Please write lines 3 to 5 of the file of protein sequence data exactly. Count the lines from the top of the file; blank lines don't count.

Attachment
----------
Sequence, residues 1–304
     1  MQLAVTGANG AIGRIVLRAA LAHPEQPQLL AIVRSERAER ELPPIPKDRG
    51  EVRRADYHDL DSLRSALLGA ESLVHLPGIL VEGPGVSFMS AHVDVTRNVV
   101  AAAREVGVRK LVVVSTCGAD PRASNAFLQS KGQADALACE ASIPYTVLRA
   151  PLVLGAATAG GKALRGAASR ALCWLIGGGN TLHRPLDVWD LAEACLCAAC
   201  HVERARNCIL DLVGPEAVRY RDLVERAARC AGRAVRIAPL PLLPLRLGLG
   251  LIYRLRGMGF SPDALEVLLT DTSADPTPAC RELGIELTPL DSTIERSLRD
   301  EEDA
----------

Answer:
    51  EVRRADYHDL DSLRSALLGA ESLVHLPGIL VEGPGVSFMS AHVDVTRNVV
   101  AAAREVGVRK LVVVSTCGAD PRASNAFLQS KGQADALACE ASIPYTVLRA
   151  PLVLGAATAG GKALRGAASR ALCWLIGGGN TLHRPLDVWD LAEACLCAAC